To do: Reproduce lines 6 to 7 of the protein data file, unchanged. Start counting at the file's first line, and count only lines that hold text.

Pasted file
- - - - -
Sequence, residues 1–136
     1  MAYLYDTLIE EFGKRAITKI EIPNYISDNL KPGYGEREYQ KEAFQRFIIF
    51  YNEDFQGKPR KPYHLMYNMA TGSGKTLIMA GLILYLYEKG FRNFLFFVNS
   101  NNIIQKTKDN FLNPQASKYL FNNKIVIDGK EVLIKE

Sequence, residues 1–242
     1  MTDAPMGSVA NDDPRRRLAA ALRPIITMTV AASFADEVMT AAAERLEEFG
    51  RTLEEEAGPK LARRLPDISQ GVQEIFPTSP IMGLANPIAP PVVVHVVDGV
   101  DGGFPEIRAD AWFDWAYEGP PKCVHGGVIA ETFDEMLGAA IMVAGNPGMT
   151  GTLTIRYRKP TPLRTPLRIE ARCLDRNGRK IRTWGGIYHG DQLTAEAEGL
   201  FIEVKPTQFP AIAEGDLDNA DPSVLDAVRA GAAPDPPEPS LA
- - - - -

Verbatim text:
     1  MTDAPMGSVA NDDPRRRLAA ALRPIITMTV AASFADEVMT AAAERLEEFG
    51  RTLEEEAGPK LARRLPDISQ GVQEIFPTSP IMGLANPIAP PVVVHVVDGV